Ukrainians in Poland thankful, desperate to go home

Ukrainians in Poland thankful, desperate to go home

Nearly 1M Ukrainians have crossed Polish border since Russia attacked Ukraine

By Jo Harper

WARSAW (AA) - The Kremlin’s strategy has failed miserably in Poland with very little anti-Ukrainian sentiment and no waning in popular or governmental support for Kyiv, according to experts and ordinary Poles and Ukrainians.

“I am a Pole, a Polish citizen, and I don’t think Poland is a country of angels or is run by angels. But I am surprised by my country and I am proud, at all levels we have done quite a good job,” says Igor Janke, director of the Freedom Institute in Warsaw.

“I am very happy and surprised that Poland has kept its heart open, and thankful,” says Mariana Zlahodniuk, a Ukrainian entrepreneur living in Warsaw.

“We know how Poland used to be protective of its borders against refugees in the past. But my heart melts when I see such amazing support both on a personal level of my surroundings, Polish friends and environment. Poland has also shown the most support on the governmental level,” said Zlahodniuk.

“The most important is that Poland keeps its borders open for refugees, people who have lost their homes and looking for missile-free skies. Polish medical help is also crucial,” she said.

The number of Ukrainians who crossed the border into Poland since the war with Russia began last February is 9,657,000, with 7,798,000 going back to Ukraine, according to the Polish Border Guards.

“The numbers are down from last year, when we had 140,000 people every day at some point. But it’s still large, sometimes 40,000 a day,” said Anna Michalska, spokesperson for the Border Guards in Warsaw.

- Emotional

Michalska said the Border Guards are often emotional when they see inflows of desperate people.

“We cry sometimes. We see ourselves in these refugees. What would happen if this was in Poland?” she asked. “We have often been the first people Ukrainians escaping the war see in Poland, and we want to make them feel safe. That is our main priority,” she said.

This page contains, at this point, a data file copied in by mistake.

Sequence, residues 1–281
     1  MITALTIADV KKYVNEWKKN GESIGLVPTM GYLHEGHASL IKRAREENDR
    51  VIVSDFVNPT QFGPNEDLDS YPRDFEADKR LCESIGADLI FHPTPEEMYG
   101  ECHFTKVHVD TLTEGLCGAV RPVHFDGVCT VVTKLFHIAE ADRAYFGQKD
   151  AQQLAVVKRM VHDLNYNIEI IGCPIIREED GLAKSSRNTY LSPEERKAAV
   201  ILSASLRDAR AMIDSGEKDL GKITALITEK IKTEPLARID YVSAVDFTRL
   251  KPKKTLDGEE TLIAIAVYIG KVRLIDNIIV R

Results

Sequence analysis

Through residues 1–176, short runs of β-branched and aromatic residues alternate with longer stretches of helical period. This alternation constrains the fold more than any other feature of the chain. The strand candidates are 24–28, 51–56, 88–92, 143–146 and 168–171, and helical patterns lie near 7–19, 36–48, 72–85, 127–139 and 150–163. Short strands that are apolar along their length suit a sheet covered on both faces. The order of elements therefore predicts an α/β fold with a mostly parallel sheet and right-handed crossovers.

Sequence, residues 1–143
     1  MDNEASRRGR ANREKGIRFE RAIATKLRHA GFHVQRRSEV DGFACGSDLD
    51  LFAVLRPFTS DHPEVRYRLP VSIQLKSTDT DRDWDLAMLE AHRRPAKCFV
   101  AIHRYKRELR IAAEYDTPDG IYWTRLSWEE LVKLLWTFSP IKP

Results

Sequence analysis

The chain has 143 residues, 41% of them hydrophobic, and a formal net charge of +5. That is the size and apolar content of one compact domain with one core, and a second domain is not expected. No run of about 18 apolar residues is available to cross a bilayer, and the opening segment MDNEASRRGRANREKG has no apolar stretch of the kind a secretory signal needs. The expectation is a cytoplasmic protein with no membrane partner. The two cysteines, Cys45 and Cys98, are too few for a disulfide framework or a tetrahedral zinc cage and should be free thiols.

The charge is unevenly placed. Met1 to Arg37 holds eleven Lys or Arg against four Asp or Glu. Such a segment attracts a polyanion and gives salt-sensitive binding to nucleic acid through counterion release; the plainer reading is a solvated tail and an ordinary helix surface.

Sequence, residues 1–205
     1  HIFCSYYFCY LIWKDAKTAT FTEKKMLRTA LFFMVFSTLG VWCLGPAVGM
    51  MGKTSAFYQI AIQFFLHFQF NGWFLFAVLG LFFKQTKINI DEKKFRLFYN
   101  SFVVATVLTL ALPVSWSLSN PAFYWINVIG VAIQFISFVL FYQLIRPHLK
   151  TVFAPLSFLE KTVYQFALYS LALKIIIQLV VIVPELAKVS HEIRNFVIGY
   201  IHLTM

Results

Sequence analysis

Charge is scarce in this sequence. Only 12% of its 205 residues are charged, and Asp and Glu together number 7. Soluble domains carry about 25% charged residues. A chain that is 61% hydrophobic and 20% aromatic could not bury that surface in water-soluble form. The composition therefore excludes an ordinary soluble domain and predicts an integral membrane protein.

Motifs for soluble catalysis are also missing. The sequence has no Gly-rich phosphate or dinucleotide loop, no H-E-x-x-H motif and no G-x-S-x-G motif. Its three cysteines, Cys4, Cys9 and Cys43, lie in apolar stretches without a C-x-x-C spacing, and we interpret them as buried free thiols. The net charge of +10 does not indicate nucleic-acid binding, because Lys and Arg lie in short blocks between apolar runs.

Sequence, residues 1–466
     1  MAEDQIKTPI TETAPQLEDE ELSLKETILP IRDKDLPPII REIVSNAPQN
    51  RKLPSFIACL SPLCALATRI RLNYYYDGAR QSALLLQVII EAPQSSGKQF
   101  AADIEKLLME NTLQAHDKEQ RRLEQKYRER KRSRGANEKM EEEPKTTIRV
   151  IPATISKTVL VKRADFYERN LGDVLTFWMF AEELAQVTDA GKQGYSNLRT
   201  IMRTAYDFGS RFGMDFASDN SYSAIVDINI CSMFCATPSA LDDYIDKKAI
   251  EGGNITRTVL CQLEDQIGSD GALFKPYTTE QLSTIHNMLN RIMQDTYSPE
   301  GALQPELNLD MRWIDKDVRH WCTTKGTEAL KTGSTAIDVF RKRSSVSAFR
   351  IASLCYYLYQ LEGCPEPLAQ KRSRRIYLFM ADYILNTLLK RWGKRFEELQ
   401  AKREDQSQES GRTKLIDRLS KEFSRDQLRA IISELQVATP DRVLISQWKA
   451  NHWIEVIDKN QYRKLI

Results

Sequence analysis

- Ukrainian orphans in Poland

At the Ossa hotel complex, 75 kilometers (47 miles) south of Warsaw, some of the 300 Ukrainian children staying here ride around on bikes and scooters.

“They miss home,” said the director of the center, Oksana Krymiuk. “To go home is what they want most.”

Up to 6,000 Ukrainian children - ranging in ages from 5 to 18 -- without legal guardians, have arrived in Poland and many more await evacuation from their homeland.

“The trauma among many of these kids is huge. There are many with psychiatric issues, bed wetting and nightmares are common,” said Maia Mazurkiewicz, from the NGO, Alliance4Children Ukraine.

When Russia invaded on Feb. 24, there were 105,000 children in Ukraine’s 700 institutions, 1% of the child population -- the highest rate of institutionalization in Europe, according to data from the European Union and UNICEF.

It is not known exactly how many children from Ukraine are staying in Poland.

Ukraine’s state record-keeping system, UIAS “Children,” was not capable of tracking or tracing children sent home from institutions, according to the Support to Ukraine’s Reforms for Governance project (SURGe), a Canadian government-funded agency.

- Ukrainians at work

Almost 14,000 Ukrainian companies were set up in Poland from January to September 2022, according to a report by the Polish Economic Institute, a public economic think-tank.

According to the Organization for Economic Cooperation and Development (OECD), Poland spent €8.36 billion ($8.98 billion) on housing, health care and other services for Ukrainians in 2022, the highest among member countries.

Looking to the future, Bogdan Zawadewicz, foreign affairs expert at Polish bank BGK, said: “It has taken our region already 30 years to catch up with Western European economic standards and we are still in the process. We strongly assume that Ukraine can do it and should do it much quicker than we did.”

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